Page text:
Yet I identified with Moses Herzog; with his grizzling and suffering and jokes, and his irony, I suppose. As a reader, not as a writer, I was swept away by his universality. And as a would-be novelist I also saw for the first time how effective a literary device inner realism – meditative realism – could be. I was very touched by this, very moved: it seemed I’d just discovered him.
He hadn’t won the Nobel then. I’d heard of him, of course. He wasn’t one of the American writers I’d previously read, everyone from Norman Mailer to Cheever and Updike and those people. He wasn’t boasting about being a male like they were. He did whinge, but he didn’t crow. Martin Amis said that the best writers are made of three components: littérateur, innocent and everyman. Bellow had each component in about equal measure. I envied not only his scholarship but the way he wore it lightly.
I liked his depth and range, how he wrote – and this especially appealed to me as a former journalist – about small-time criminals as well as professors and politicians and lawyers. He was no snob. I didn’t find anything harsh or cynical about it. I thought there was a knowingness, but even in the criminal character there was a sympathetic yet observant note. He was equally at ease in the street, the restaurant or the academy. I think this is how it should be, if you’re a writer. He relished and admired women, he agonised over children, and he knew and wrote about male friendship. So, sitting at the kitchen table, I could think of no better literary model.
He filled in the gaps for me. Herzog said it was important to explain, to have it out, to put into perspective, to clarify, to make amends. I changed the title of my book to The Savage Crows and started again.
You came from journalism to fiction; Bellow studied anthropology. They’re not dissimilar disciplines. Do you think you both took something from that observational training?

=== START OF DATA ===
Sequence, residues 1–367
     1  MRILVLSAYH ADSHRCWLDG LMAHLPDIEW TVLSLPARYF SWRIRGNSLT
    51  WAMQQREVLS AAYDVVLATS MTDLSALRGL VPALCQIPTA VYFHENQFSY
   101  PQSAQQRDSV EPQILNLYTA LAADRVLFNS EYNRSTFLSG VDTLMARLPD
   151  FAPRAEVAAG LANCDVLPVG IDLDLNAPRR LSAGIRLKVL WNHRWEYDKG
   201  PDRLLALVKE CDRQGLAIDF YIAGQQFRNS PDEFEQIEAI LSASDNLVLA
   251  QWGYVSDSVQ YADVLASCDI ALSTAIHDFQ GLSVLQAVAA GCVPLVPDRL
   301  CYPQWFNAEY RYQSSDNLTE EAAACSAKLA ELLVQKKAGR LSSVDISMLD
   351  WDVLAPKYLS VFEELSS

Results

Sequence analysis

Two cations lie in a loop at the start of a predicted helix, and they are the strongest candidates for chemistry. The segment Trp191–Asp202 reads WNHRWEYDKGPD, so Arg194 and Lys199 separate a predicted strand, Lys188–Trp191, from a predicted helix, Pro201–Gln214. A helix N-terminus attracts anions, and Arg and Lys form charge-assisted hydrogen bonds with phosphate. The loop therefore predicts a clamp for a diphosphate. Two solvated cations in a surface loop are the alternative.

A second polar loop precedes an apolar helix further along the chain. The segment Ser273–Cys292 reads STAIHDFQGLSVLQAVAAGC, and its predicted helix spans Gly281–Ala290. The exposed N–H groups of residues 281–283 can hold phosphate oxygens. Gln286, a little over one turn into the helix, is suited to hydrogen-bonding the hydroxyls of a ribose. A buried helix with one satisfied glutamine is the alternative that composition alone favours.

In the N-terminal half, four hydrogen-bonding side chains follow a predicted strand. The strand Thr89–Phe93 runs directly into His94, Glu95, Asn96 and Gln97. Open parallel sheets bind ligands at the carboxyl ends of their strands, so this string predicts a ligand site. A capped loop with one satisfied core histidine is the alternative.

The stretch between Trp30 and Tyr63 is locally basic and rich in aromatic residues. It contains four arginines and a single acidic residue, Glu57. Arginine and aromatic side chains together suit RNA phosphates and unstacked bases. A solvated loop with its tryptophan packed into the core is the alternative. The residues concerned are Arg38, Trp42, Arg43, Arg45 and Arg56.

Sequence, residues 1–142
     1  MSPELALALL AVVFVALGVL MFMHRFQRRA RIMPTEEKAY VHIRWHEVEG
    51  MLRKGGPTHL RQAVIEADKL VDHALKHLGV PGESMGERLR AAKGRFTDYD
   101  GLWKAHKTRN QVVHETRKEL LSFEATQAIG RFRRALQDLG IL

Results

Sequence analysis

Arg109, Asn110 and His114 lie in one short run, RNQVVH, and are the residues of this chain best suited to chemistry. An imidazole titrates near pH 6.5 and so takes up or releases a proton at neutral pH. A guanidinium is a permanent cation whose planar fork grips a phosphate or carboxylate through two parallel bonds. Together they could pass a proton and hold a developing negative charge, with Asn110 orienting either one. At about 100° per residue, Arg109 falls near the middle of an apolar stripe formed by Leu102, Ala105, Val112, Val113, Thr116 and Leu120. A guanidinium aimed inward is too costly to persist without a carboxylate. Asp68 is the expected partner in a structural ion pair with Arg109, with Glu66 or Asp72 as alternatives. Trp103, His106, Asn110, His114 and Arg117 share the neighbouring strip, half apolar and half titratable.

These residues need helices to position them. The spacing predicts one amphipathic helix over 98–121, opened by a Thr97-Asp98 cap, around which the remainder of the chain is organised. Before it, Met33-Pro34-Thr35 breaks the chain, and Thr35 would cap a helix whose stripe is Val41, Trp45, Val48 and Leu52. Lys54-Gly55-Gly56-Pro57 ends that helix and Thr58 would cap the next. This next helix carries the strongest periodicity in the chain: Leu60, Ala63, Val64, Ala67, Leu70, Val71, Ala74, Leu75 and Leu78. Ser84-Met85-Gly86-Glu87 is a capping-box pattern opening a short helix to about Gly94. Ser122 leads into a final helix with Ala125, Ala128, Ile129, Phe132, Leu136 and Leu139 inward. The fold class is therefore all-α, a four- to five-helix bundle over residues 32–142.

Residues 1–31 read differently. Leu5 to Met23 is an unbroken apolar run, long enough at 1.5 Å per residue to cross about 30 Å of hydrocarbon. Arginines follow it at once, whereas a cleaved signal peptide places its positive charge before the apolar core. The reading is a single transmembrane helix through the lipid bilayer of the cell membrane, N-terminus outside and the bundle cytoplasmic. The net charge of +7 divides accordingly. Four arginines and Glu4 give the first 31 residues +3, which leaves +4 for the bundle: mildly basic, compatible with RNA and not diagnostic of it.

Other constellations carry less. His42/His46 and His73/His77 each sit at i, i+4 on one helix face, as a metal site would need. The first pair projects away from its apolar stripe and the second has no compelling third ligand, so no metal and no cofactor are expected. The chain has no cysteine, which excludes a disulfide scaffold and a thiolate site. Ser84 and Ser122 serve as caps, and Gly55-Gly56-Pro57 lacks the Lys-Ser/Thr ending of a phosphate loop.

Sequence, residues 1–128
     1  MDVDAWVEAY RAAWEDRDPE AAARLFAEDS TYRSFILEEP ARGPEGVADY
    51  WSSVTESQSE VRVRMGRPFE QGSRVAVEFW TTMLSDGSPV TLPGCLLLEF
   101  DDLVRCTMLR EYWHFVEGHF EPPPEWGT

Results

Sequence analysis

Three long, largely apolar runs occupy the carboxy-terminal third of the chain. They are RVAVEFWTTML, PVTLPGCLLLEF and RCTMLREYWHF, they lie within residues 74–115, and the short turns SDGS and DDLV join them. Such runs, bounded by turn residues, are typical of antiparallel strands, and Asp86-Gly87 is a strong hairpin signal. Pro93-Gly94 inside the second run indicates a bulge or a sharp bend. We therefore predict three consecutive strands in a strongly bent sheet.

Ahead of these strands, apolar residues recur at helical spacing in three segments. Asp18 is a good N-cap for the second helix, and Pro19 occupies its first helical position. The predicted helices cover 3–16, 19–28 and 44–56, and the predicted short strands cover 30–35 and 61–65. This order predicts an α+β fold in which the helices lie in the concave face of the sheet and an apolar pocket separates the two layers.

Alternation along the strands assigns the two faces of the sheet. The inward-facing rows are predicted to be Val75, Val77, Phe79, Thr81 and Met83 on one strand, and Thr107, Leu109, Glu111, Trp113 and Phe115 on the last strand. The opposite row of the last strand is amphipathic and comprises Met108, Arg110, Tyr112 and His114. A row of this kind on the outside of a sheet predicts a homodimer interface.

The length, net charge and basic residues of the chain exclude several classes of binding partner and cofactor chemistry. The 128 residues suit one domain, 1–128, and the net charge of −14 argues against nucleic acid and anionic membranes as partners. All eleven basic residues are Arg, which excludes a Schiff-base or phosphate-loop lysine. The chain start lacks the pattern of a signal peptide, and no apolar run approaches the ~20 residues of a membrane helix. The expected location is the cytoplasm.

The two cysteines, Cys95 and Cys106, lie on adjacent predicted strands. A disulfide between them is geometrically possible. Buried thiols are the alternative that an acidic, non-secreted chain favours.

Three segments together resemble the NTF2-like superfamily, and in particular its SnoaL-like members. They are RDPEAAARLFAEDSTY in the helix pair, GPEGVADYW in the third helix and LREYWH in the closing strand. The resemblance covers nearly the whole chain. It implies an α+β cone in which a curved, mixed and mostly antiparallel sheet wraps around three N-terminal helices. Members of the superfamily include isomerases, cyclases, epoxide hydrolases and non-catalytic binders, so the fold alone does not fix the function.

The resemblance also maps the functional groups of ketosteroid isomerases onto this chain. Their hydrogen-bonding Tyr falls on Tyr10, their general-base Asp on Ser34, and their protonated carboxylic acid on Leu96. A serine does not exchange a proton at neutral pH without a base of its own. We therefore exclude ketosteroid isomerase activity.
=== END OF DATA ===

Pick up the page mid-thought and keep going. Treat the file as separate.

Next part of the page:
It seemed to me that I was trying to get away from the journalism side, because as literary editor of The Australian I knew that every critic was an academic who sneered at a journalistic background. No, it was more like the opposite. I was trying to use the Bellow method of trying to get the meditative thoughts, rather than the obvious physical appearances and so forth. I was able to make my central character have an inner life different to the one he would have had before I read Bellow.
We’re encouraged as writers, also as people, not to show the dithering, the uncertainty, the wobbling between the leap and the landing.
At that time it was a very rarefied atmosphere around writing. If you were 27 you had no chance. Patrick White ruled, and all the others were trying to be a bit rural. The fashionable young people were writing about Carlton and Balmain, and the establishment was writing about putting on fresh linen to go to town, and mooning around under the jacarandas. Bellow told me it was fine to write about the city, about the suburbs, about the whole human picture.
That book and the way that the character thought about life and everything, and needing to explain everything, was exactly how I was feeling at the time. It hit the spot.
This article was first published in the print edition of The Saturday Paper on July 30, 2022 as "Robert Drewe".